Hypnosis and Hypnotherapy with Deborah Lindemann CHT Forsyth, Missouri

Call 970-412-6973

Hypnosis & Hypnotherapy - Forsyth, Missouri

Oct/Nov 2007 -Your Brain Is Wired For Change

Back to Newsletter

Does the basic wiring of your brain stop growing and changing after childhood? The answer is “No”. Can you alter and change the wiring of your brain by changing your thoughts and behaviors? The answer is a resounding “Yes”.

Did you know that your brain and neurology can heal, grow and change? Perhaps you never thought about it, but the good news is, you can change your emotions and limiting beliefs using an amazing process known as Time Line Therapy that actually rewires the way your brain functions.

I have found Time Line Therapy to be one of the most effective, lasting and powerful techniques I’ve used for positive change in my clients. I’ve reprinted below a great article on this very topic, “Neuroplasticity and Time Line Therapy” written by Douglas D. Sumner, JD, PhDc, with Judy Kameoka, MD, PhDc. Copyright 2003.

“Neuroplasticity is part of the ability of the human brain and neurology to heal, grow and change. This way of explaining TimeLine Therapy changes has been useful with some clients.

We have known for quite a while that the brains of young children are changeable, or “plastic”, in interaction with its environment. The brain is still growing, and the internal “wiring” is still forming. That wiring provides the functional basis for the mental, emotional and physiological behaviors that the person will learn and manifest. The brain was thought to cease being plastic in that way after the age of 9 to 14 years or so, and basic wiring was thought to be set and fixed permanently by then.

It is more recent news that neurological plasticity continues throughout life. “Forming” is an ongoing process. The brain may change which parts it uses in a developing response or activity, or increase the amount of functional tissue available, as well as altering patterns of synaptic response activity for a given stimulus. For example, dendrites (which facilitate communication between brain cells) change shape and function, and neurons alter their responses to different signals.  New brain cells may also be involved. These encompass actual physical changes in the brain and neurology, and they represent changes in behaviors and abilities.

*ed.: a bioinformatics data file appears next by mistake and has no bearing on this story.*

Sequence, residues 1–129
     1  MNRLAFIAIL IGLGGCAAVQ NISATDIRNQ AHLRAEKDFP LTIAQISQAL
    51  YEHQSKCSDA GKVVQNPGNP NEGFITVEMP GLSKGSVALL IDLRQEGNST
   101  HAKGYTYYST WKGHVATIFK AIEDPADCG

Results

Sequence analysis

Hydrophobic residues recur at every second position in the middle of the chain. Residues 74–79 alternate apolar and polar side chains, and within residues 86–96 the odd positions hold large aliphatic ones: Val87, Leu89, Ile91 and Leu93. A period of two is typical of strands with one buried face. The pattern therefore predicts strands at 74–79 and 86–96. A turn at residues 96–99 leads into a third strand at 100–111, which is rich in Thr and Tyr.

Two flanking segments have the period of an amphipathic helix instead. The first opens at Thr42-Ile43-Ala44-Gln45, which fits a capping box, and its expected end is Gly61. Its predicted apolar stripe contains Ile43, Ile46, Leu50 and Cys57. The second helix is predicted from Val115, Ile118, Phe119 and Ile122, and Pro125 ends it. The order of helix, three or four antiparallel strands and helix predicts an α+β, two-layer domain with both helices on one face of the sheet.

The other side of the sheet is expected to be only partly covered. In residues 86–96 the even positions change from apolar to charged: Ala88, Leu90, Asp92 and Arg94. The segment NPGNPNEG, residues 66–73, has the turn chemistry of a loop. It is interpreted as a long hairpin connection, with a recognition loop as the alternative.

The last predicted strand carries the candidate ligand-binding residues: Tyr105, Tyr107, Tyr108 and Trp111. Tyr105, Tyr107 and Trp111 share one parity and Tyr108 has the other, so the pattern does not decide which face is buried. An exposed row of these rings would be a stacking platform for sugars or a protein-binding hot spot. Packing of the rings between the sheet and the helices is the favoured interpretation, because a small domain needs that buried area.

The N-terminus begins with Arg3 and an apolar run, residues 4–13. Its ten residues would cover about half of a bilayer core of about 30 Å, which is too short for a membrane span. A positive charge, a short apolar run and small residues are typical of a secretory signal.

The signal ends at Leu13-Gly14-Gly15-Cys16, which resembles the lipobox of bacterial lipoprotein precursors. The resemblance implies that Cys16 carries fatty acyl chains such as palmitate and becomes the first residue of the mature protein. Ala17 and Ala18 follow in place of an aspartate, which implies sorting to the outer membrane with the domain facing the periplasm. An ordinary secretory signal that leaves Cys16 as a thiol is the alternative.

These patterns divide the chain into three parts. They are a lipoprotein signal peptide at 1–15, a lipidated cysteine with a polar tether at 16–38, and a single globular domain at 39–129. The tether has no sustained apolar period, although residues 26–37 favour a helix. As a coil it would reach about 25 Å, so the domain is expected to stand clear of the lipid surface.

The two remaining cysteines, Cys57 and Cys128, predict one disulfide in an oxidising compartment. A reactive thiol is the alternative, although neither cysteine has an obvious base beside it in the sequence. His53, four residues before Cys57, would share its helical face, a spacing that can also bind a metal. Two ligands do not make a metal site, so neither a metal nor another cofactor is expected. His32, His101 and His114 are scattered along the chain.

Here’s the thing, though: neurological wiring can be changed deliberately, intentionally. Using PET and fMRI scans that track and map brain activity quickly, scientists can see that neural activity patterns are altered concurrently with, or following, deliberate changes in behavior. One can change behaviors internally, by using focused imagination such as in Time Line Therapy, or externally, by actually physically altering a sequence of actions or a response to stimulus. (The latter can be good mental exercise, but may not be fast or easy.) Again, physical changes are made in the actual mechanisms that facilitate signal transmissions between neurons, or in neurons themselves.

By the way, once new useful patterns do take over, old unused patterns tend to fade away (as long as we let go of the, but that’s another article). After a while, they no longer appear on scans at all.

So change your actions, your state, or your thoughts, and the brain tends to change to accommodate you. And once the brain has re-wired, the new behavior is easy. It becomes a natural tendency. Such changes in brain wiring take as long as they take, but sometimes they are completed in days, hours, or seconds.

Time Line Therapy seems to elicit those fast neuroplastic changes. If a new behavior seems natural and easy after Time Line Therapy, as it generally does, it probably indicates that the neuroplastic changes have taken place or are well underway, and now support production of the new behavior. The easier the new behavior, the more complete the neurological change probably is. Under this theory, the client can take any degree of difference as a sign that real neurological changes has happened or begun; actual physical changes in the brain that will continue to make the new behavior natural and easy.”

Back to Newsletter

Forsyth, MO 65653
Terms SiteMap